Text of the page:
Recognizing this historical underrepresentation of women’s voices on public display, the Mint is leading the way to better balance the scales. “We have a strong community partner and advocate in Wells Fargo whose values align so closely with the museum on this important social and cultural issue,” says Todd Herman, Mint Museum President & CEO, “Something  we really admire and treasure in the relationship we’ve had with Wells Fargo is they collaborate with us and push us further in ways that make the community better. Their Women Artist Fund and their support of our Foragers installation is a wonderful example of that.”

Charlotte knows Wells Fargo as a significant community partner and stalwart investor in our region’s diversity and success. Their foundation focuses on projects and innovation at the community level such as awareness and social change, increasing housing affordability, and access to capital for businesses. Last year, they contributed more than $14 million in support of projects and programing in the Charlotte region. In addition to programmatic work with quantitative measure, like the number of low-income individuals placed into safe and affordable housing, a component of the foundation’s work focuses on bringing perspectives and understanding to social issues through the arts.

“As company, we’re one of the largest small business lenders to women owned businesses,” says Jay Everette, Wells Fargo’s senior vice president of philanthropy and corporate social responsibility. “With the arts and culture sector of our [philanthropic] work, we realize putting a focus on female artists helps elevate and escalate women’s voices through promoting their artwork. Not only is Foragers a significant work by an important female artist, it’s also public art that anybody can come in and access without having to pay a fee.”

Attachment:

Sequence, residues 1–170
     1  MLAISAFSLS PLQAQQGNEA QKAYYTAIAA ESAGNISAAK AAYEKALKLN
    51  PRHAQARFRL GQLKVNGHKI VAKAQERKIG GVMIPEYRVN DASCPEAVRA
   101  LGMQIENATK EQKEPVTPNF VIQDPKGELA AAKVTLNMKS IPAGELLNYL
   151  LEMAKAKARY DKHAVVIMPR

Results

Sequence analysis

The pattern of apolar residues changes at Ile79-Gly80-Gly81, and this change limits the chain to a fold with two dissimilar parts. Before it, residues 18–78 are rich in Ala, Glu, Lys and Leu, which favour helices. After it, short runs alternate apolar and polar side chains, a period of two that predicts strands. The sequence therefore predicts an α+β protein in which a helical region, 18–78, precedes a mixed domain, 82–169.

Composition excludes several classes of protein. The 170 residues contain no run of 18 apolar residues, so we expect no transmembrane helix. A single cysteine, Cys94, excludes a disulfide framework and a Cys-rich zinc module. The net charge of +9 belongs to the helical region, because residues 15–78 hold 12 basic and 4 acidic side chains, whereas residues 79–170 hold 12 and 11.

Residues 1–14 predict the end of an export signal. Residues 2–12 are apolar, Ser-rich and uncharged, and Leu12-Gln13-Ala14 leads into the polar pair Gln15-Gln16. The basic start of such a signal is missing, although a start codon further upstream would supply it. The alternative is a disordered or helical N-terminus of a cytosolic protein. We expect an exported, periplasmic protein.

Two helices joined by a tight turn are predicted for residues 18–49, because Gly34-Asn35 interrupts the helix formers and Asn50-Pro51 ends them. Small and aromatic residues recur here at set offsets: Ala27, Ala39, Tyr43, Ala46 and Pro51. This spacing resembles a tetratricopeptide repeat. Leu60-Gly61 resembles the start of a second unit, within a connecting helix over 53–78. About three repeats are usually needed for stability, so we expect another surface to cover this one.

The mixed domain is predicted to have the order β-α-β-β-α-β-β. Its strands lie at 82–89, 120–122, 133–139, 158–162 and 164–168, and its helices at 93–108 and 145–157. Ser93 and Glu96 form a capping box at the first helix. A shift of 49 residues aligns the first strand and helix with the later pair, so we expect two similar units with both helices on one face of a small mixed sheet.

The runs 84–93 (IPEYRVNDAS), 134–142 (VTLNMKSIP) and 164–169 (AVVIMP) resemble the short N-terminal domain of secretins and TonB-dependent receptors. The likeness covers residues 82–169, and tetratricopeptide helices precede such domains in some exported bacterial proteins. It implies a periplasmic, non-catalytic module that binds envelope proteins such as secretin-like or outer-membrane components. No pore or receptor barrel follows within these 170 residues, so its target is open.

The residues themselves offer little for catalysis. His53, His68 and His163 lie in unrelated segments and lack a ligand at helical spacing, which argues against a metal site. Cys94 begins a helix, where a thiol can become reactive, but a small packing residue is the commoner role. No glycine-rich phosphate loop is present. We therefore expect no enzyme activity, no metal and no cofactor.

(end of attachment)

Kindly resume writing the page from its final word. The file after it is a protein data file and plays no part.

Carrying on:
It was the Mint Museum’s 80th anniversary celebration and the 2016 Women of Abstract Expressionism exhibition that served as a catalyst for the formation of the Wells Fargo Foundation Women Artist Fund according to Everette. “We were beginning to formulate some of the strategies on this and through the exhibition discovered there were a group of other women artists leading the way in the movement.  But they did not have gallery representation. They were not being picked up by museums after the abstract expressionist movement.”

Inspired, the Wells Fargo Foundation set about to address and help reconcile the imbalance of female representation in museum collections. “The Women Artist Fund was established three years ago, and we’ve been successful in helping to place and acquire seminal pieces of art in permanent museum collections across North Carolina,” says Everette. Other museums benefiting from the program include the Cameron Museum of Art in Wilmington, The Weatherspoon Museum of Art in Greensboro, and The Blowing Rock Art Museum in Blowing Rock.

Admirers of Summer Wheat’s Foragers, on display through September 6, 2022, will be pleased to note that through the generosity of The Wells Fargo Foundation Women Artist Fund, the artist’s work With Side, With Shoulder, a large painting where Wheat’s technique extrudes paint through wire mesh, has been acquired for the Mint’s permanent collection.

Mary Myers Dwelle, one of the Mint’s female founders would undoubtedly be pleased.

Foragers is part of the exhibition In Vivid Color: Pushing the Boundaries of Perception in Contemporary Art that opens Oct. 16 at Mint Museum Uptown.

Michael J. Solender is a freelance writer whose work has appeared in the New York Times, American City Business Journals, Metropolis Magazine, Business North Carolina, the Charlotte Observer, and others. He develops custom content and communications for businesses and organizations.